I have other favorite moments too. Like spending the day getting to know my table mate, Colleen Clayton, and my neighbor at the table next to us, NYT bestselling author, Katherine Howe. Discussing “Great YA Reads” for an hour as part of a panel with a group of super talented YA authors. Hanging out with a bunch of my of YA author friends. Meeting a slew of teachers and librarians who were on the hunt for good books to take back to their readers. Simply being around all of those readers and authors and books – their very nearness inspiring, uplifting, and validating. And, the highlight of all highlights, meeting my latest fave NYT bestselling author, Gillian Flynn. It was a surreal moment where I fell into Blubbering Idiot mode. But I’m okay with that. Gone Girl is most definitely a book to blubber about. (Did I mention that there was ONE TABLE between us for the entire day? I felt as if I were basking in her greatness. CrAzY!)
The best part of all, though, is that Books by the Banks is an annual event, which means that if you missed the festival this year, you can plan to attend in 2013.
Because I love pictures, I’ll close with a few shots that highlight my day . . .
Me with Gillian Flynn, author of Gone Girl, Dark Places, and Sharp Objects.
(I’m in total fangirl freak-out mode here, but trying to hold it together.)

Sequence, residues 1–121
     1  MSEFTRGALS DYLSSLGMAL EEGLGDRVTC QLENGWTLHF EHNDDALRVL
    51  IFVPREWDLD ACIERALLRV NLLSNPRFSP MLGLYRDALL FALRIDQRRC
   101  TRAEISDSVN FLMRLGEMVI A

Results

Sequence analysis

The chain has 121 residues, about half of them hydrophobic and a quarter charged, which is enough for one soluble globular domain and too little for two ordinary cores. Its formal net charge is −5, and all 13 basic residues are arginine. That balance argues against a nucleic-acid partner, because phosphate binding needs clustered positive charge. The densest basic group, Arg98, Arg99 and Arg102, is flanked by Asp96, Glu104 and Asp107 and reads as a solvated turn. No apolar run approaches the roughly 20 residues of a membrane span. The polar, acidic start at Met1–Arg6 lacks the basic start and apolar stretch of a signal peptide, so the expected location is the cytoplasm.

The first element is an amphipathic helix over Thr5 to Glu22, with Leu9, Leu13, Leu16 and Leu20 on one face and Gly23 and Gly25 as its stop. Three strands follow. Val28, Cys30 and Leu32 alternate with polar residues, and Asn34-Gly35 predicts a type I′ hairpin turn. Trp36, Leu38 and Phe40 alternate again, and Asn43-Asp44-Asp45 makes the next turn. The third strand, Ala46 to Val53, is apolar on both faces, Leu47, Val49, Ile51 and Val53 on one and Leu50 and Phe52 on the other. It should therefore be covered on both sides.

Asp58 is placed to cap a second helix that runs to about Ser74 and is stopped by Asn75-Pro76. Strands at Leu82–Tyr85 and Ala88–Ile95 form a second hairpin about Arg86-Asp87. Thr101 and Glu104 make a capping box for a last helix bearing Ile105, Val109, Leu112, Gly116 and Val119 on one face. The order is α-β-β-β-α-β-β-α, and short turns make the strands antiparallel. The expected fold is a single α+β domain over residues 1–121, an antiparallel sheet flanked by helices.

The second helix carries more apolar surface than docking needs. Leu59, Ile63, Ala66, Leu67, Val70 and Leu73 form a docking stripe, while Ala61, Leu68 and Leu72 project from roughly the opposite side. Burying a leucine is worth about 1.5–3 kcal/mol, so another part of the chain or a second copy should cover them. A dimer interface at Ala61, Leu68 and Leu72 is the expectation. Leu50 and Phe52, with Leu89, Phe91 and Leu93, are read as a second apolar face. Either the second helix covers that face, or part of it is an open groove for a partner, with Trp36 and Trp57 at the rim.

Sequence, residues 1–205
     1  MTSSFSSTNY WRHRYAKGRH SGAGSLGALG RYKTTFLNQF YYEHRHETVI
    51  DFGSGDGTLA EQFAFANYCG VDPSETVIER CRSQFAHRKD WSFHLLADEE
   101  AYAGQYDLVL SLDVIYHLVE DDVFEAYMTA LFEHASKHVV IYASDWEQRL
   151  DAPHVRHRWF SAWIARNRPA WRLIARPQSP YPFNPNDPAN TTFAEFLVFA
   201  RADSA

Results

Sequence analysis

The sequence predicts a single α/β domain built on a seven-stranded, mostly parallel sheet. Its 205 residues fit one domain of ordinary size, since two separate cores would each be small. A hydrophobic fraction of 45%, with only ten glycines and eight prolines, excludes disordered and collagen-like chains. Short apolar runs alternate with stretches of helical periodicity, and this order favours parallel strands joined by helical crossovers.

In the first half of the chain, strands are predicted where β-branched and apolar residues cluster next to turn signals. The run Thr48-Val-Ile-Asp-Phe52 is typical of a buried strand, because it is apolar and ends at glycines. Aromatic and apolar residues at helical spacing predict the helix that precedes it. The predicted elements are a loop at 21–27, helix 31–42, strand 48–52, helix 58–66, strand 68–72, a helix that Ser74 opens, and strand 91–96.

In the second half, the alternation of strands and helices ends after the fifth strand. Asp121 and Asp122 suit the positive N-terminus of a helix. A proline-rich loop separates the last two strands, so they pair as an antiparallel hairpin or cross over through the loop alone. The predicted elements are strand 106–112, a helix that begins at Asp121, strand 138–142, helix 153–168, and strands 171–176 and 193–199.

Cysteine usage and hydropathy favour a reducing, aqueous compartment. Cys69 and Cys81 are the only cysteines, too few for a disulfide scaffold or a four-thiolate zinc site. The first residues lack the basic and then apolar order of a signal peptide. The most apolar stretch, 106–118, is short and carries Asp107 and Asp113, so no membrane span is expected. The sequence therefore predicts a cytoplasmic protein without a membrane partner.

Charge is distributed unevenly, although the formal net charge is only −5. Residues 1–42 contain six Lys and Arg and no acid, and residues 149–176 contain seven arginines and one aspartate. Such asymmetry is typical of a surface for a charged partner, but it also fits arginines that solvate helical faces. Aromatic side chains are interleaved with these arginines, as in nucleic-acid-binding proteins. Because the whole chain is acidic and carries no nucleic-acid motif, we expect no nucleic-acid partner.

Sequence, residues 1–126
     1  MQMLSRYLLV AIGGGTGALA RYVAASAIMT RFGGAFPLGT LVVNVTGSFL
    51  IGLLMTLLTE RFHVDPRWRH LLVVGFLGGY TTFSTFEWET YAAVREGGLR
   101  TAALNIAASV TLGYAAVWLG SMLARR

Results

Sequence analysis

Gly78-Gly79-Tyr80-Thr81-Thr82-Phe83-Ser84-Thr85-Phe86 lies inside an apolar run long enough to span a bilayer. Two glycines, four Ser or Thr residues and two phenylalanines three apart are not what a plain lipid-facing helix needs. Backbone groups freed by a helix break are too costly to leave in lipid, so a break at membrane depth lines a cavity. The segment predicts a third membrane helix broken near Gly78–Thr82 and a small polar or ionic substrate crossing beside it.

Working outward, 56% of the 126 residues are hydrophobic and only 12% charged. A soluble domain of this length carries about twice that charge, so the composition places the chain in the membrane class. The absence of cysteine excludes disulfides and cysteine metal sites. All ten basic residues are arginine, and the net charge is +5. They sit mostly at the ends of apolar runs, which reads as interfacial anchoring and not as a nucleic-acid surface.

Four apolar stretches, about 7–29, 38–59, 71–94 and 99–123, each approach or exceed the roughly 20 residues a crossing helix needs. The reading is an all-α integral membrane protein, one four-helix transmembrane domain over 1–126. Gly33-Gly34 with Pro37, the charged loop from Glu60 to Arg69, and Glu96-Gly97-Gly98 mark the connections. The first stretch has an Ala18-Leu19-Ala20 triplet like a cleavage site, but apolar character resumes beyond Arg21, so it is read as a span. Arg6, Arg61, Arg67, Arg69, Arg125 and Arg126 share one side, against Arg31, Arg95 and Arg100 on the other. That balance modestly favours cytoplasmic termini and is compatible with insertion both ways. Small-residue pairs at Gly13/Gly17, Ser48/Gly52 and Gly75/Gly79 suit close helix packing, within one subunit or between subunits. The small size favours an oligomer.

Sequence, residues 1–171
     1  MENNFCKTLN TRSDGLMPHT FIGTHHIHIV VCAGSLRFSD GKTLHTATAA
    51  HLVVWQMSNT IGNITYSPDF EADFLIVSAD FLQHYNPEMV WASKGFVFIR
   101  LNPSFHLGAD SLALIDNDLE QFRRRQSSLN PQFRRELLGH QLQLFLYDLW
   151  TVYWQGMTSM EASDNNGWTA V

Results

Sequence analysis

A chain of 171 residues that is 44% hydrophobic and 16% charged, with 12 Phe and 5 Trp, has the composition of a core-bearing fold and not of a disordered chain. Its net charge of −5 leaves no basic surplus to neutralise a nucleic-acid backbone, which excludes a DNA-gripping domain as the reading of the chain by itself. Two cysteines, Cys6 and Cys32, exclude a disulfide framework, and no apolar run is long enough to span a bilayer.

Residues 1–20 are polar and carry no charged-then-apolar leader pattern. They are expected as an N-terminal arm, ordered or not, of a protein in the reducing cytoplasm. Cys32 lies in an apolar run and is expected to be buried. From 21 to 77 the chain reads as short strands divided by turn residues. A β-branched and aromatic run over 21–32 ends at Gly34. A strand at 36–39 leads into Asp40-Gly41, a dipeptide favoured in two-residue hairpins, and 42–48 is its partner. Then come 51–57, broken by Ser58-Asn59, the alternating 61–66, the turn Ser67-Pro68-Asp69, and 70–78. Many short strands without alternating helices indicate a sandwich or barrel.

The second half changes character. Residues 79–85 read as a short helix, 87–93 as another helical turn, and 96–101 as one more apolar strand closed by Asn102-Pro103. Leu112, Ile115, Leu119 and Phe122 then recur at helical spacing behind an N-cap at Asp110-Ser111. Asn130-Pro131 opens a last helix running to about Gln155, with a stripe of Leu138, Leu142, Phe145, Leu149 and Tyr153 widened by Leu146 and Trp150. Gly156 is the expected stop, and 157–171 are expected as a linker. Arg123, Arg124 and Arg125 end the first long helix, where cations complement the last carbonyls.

Me and Colleen Clayton, author of the recently released What Happens Next.
My neighbor, Katherine Howe, author of The Physick Book of Deliverance Dane (ah-mazing) and her latest, The House of Velvet and Glass.
A sampling of YA authors who attended the event:
Colleen Clayton – What Happens Next
Rae Carson – The Girl of Fire and Thorns and Crown of Embers
Mike Mullin – Ashfall and Ashen Winter
Julia Karr – XVI and Truth
Kristina McBride – The Tension of Opposites and One Moment (but you knew that part, right?)
Me and my lovely friend, Sharon Short, who is the director of the Antioch Writers’ Workshop as well as the author of the upcoming (incredibly beautiful) My One Square Inch of Alaska.
I love author events! One of my favorites each year is Books by the Banks in Cincinnati, Ohio. This festival draws 100+ super cool, national, regional, and local authors (this year’s cast of authors includes my fangirl fave, Gillian Flynn!), as well as a great audience. It’s a perfect place to find holiday gifts. Because what’s better than giving a loved one a new book, personalized and signed by the author? Nothing, right? It’s also the perfect place for teachers and librarians to meet authors and chat about possible author visits. Because author visits are always so much fun for everyone.
So, if you’re near Cincinnati on Saturday, October 20th, from 10 am to 4 pm, head to the Duke Energy Convention Center and take a stroll through the festival, stop by one of the many panel sessions, and pick up a few new reads. Admission is free. But I warn you, once surrounded by such good reading, you may have trouble controlling yourself. (Or is this just me?)